Citizens prefer mobile banking applications to get an overview of their balances and to make transfers. They generally feel comfortable using such applications. These are just some of the initial findings of the academic chair on ‘Digital Inclusion’, established in 2021 by the VUB (Vrije Universiteit Brussel) and BNP Paribas Fortis. For four years, the two institutions will join forces to map out whether human rights can still be guaranteed in our digital society, including for those groups that, for various reasons, cannot use digital tools.
“Since the COVID-19 pandemic, digital inclusion has been on the agenda more than ever. Public and private services are being digitised, physical counters are being closed. The digital is contained within every part of our lives. However, 46% of Belgians experience difficulties,” PhD supervisor Prof Ilse Mariën (VUB/imec) argues. The digital vulnerability of citizens is rising as services digitise faster than digital skills are being developed. More and more citizens are also experiencing extreme pressure from technological acceleration. Imec’s digimeter indicates that almost 1 in 3 young people - up 8 percentage points compared to the previous year - feel that technology is evolving too fast.
Following the creation of the chair in 2021, a first study on digital services in the financial sector was conducted. The digitisation level of 25 banks’ services was surveyed. Are services available only through websites or apps? How user-friendly are the apps? Is there still sufficient investment in one-to-one service? More than 45 citizens were also interviewed about how they experience their bank’s services. What do they like, what do they experience problems with, what would they change? The first results are now available.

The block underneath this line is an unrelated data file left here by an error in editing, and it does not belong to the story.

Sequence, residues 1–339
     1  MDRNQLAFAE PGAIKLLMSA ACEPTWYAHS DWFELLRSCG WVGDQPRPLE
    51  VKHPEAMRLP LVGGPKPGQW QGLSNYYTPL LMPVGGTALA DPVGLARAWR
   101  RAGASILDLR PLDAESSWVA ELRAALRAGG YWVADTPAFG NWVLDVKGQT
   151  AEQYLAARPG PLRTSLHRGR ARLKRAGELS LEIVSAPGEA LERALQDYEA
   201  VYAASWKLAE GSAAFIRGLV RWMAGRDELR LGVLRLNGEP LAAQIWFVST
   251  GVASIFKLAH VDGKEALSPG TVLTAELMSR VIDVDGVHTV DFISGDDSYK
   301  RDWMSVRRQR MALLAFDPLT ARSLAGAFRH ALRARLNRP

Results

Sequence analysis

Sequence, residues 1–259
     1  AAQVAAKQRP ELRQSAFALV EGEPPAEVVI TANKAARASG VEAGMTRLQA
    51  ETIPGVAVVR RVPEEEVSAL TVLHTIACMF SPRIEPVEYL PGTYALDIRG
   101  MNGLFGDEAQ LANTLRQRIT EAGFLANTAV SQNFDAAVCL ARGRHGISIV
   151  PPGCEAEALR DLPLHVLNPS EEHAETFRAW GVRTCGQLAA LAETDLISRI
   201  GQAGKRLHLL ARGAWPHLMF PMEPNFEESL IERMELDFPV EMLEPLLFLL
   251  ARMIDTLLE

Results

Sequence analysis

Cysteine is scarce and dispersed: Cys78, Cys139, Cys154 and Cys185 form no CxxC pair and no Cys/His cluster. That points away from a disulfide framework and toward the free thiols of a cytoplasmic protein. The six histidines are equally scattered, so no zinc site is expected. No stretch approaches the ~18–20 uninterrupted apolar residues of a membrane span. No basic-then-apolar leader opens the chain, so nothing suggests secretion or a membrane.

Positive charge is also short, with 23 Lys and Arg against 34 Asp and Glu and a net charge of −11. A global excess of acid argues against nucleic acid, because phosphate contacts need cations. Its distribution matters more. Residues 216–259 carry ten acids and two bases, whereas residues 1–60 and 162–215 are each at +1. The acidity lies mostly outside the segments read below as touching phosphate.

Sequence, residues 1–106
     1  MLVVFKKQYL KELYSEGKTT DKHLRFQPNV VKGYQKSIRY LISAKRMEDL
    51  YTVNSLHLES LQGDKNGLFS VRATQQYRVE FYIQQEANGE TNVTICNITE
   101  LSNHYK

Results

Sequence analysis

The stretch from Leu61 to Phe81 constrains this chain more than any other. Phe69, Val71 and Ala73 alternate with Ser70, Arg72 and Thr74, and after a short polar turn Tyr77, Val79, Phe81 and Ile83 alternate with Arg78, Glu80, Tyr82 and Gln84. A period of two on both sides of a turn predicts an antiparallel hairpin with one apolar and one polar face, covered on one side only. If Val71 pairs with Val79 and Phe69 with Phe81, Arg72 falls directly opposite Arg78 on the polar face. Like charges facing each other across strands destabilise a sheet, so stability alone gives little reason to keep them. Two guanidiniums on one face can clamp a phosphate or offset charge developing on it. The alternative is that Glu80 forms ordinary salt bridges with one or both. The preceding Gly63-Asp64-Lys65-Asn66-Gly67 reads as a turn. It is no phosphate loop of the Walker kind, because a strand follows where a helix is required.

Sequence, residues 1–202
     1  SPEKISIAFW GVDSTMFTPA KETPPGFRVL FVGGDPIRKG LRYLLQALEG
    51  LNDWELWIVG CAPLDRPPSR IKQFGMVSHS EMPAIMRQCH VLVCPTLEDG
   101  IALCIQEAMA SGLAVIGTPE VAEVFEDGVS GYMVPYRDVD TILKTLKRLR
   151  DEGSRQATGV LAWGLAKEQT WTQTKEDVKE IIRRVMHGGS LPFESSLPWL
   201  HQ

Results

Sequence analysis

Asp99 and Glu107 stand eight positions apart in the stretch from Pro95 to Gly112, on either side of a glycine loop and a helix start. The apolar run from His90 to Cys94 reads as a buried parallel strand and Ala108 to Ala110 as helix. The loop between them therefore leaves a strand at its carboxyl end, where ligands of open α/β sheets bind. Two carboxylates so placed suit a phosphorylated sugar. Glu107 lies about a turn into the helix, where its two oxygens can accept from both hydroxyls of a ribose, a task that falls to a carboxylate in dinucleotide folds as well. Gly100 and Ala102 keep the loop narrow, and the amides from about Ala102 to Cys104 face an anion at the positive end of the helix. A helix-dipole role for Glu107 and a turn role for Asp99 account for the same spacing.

Those surveyed prefer to pay online rather than in cash. At the same time, they still want access to ATMs, to withdraw cash in case of emergency.
They prefer mobile banking apps to manage their expenses and savings and make transfers. Overall, they feel quite comfortable and familiar with these apps. The digital identification app ‘Itsme’, which allows users to access banks’ digital services, among others, is well established. Citizens find it easy and secure to use, and are largely familiar with it as other companies and governments also use ‘Itsme’.
Nevertheless, there is still room for improvement in the quality of so-called click-call-connect – a service that is equally valid online, by phone or in person. For instance, telephone waiting times are sometimes long and there is not yet enough flexibility for physical appointments. They also think the banking sector should offer its services in more languages and not just in Dutch or French, which is the case for many banks in Belgium.
A unique project
The studies already completed are just some of the elements that make the academic chair particularly interesting. A PhD and in-depth research will also be carried out within the four-year period.